Home Featured Rabbi Jonathan Gewirtz – Zecher L’Yetzias Mitzrayim

Rabbi Jonathan Gewirtz – Zecher L’Yetzias Mitzrayim

Rabbi Jonathan Gewirtz – Zecher L’Yetzias Mitzrayim

Operation Inspiration

We do so many things that are “a reminder of the Exodus from Egypt.” When we say Shema multiple times a day, we mention that Hashem took us from Egypt to be our G-d. It is required for us to remember it daily, day and night. But what do you think of when you think of “Yetzias Mitzrayim”?

For me, I must admit, I think of splitting the sea and the miracles Klal Yisrael experienced when we saw Hashem take revenge on the Egyptians. If it were music, there would be a rousing crescendo as the protagonists (us) marched proudly forth out of the sea bed while the waves crashed down upon our enemies, drowning them. You can almost hear their muffled screams as gentle background noise merely incidental to the resounding, upbeat chords and notes heralding our redemption.

But there was more. Yetzias Mitzrayim was not a one-time event, but a process.

There’s a question I’ve heard which asks that the syntax is wrong. It should have been, “Yetzia Mi’Mitzrayim,” the going out from Egypt, and not “Yetzias Mitzrayim,” the going out of Egypt, implying that it was Egypt that moved, and that it is the subject of the phrase. The very telling answer is that, indeed, we commemorate not merely the fact that the Jews were taken out of Egypt, but that Egypt was taken out of the Jews.

The culmination of our redemption was the fact that we were no longer subservient to the influences of Mitzrayim; to its impurity and misguided values. When we became free of the grip this society held over us emotionally and intellectually, we tasted true freedom, and that didn’t simply occur when we saw the Egyptians perish in the sea. It started well before that.

When the plagues occurred, it must have been very unsettling. The Jews must have heard the commotion and screams of the Egyptians. For a time, perhaps, they were not scared, as the bad things kept happening to “them,” to “the other guys” and it never hit home. All that changed with Makkas Choshech.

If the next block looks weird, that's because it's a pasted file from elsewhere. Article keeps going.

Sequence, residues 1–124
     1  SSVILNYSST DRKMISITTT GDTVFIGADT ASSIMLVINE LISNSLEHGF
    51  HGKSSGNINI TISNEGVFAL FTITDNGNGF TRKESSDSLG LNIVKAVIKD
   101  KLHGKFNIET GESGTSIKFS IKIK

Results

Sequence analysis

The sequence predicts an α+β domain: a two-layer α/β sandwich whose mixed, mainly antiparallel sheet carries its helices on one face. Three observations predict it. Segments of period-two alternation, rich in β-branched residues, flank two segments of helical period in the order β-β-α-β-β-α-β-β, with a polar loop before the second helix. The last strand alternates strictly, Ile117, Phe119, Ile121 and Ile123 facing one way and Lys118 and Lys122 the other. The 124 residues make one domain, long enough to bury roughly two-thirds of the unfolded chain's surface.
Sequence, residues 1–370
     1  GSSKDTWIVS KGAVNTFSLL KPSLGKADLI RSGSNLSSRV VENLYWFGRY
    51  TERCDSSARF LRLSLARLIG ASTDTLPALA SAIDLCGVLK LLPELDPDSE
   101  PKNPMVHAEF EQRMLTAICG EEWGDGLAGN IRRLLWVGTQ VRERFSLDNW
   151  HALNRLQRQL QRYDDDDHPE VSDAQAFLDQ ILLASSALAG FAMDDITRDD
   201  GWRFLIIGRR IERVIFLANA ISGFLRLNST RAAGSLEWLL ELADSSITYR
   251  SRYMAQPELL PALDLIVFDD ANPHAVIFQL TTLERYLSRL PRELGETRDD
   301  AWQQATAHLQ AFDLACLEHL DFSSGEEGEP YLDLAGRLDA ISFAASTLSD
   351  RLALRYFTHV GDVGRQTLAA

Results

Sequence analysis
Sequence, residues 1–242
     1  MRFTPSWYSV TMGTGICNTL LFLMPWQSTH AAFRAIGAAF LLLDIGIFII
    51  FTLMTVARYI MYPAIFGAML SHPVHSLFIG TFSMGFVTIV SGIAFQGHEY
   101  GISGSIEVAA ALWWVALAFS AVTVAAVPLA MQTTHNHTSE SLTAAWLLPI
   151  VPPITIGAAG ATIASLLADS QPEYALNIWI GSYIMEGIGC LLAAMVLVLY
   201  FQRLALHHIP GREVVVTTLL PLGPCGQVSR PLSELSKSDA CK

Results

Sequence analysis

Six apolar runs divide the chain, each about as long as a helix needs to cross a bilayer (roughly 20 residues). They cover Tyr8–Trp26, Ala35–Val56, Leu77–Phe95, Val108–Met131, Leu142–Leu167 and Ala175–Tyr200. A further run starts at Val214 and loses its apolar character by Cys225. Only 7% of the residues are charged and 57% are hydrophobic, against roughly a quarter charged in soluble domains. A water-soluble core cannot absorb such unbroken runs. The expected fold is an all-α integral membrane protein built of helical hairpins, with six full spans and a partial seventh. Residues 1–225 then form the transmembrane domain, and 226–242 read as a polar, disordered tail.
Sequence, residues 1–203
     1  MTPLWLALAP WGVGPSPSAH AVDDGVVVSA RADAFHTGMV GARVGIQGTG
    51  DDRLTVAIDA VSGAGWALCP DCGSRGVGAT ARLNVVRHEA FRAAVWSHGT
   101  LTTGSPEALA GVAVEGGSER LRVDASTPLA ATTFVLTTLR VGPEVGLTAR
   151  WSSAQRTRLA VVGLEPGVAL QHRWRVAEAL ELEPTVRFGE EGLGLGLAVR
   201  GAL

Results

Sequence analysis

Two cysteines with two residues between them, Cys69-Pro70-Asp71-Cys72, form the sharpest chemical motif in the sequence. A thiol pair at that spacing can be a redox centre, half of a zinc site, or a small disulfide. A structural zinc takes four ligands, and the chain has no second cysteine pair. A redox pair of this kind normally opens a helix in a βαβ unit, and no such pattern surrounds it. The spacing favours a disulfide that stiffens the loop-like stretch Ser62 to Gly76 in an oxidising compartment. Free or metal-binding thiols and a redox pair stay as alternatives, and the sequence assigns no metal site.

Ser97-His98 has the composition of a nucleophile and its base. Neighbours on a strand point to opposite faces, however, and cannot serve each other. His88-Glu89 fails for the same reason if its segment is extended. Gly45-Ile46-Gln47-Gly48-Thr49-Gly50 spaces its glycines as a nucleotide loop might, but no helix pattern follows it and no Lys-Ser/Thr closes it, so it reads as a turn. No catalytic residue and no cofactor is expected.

While the Egyptians were stuck in place day after day, unable to move or see or do pretty much anything but think about what they had done and what they were going through, the Jews dealt with something very frightening – a plague of their own.

Chazal tell us that during the days of darkness, eighty percent of the Jewish population perished. Hashem made them die then so the Egyptians would not see all the burials taking place and realize that the Jews were suffering too. It would have been a Chillul Hashem, a desecration of G-d’s name, for the Jews to be seen as sinners in the eyes of their hostile hosts. That still applies, by the way. If we appear sinful to the non-Jews around us, that is degrading to HaKadosh Baruch Hu’s reputation.

So what happened then? The Jews saw that they were no longer completely protected from tragedy. When the next plague came, Makkos Bechoros, the killing of the first born, they must have been unsettled. Maybe they’d used up their merits as their forefather Yaakov had feared. Maybe the time of their protection was over. And what happened? They were quarantined.

Moshe told them, “You are to take the blood of the Korban Pesach and spread it on your doorframes. It shall be a sign that will make the Angel of Death pass over your homes.” They were further told, “No one may leave his home until morning.”

There they were, locked in their homes, hearing the terrible anguished cries outside, uncertain of what would happen. They didn’t know if the screams they heard would enter their homes or whether Hashem would protect them. Perhaps they, like those who perished in the darkness, were unworthy!

So they looked at the blood upon the doors. Unlike Hollywood’s movie version, the blood was not painted on the outside for the angel to see as he flew by. Rather, it was smeared inside, so that we, the people locked inside, could see it. It was a reminder to us that Hashem was in control and would not allow evil to befall us if it wasn’t so decreed.

We need to remind ourselves of this all the time. Hashem wants to be our G-d; which means that He takes care of all our needs and ensures we are protected. If bad things happen, it’s not up to us to explain them and say it’s a punishment for one thing or another, nor to say, “THIS is what Hashem is telling us.” We don’t know specifics, but we do know that the uncertainty is only for us, not for Hashem. He knows what He’s doing.

I think that what we’re going through now in much of the world, with the uncertainty pervading the atmosphere due to Coronavirus, is a reminder to what we went through in Egypt. Giving up control and recognizing that all the honor and power are to Hashem, are part of the process.

When we finally reached the shore upon stepping out of the Yam Suf, we achieved a clarity that shone its light on all the steps of our Exodus, including how the challenges we faced changed us for the better. The redemption of the Moshiach will be myriad times greater and the clarity will illuminate all of history. Get your cymbals ready for the finale; it’s gonna be big.

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